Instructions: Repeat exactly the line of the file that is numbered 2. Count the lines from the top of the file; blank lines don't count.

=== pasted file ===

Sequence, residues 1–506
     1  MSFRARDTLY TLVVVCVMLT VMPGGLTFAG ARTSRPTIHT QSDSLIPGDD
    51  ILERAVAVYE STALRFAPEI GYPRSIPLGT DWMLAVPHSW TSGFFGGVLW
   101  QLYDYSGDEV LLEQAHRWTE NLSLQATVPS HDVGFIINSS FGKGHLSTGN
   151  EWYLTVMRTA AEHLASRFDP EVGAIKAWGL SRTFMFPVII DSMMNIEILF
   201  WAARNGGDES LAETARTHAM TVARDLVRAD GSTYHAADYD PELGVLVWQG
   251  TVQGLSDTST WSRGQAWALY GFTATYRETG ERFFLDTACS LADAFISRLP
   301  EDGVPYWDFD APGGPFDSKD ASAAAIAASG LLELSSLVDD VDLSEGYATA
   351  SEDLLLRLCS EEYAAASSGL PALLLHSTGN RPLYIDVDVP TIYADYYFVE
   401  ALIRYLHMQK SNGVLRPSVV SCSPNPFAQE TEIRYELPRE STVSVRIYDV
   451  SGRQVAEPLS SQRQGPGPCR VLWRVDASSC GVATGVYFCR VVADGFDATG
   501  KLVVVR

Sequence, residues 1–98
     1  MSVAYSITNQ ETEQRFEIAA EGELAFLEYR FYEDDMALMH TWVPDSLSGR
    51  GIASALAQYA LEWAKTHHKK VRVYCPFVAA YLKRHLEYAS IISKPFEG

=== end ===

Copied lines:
     1  MSFRARDTLY TLVVVCVMLT VMPGGLTFAG ARTSRPTIHT QSDSLIPGDD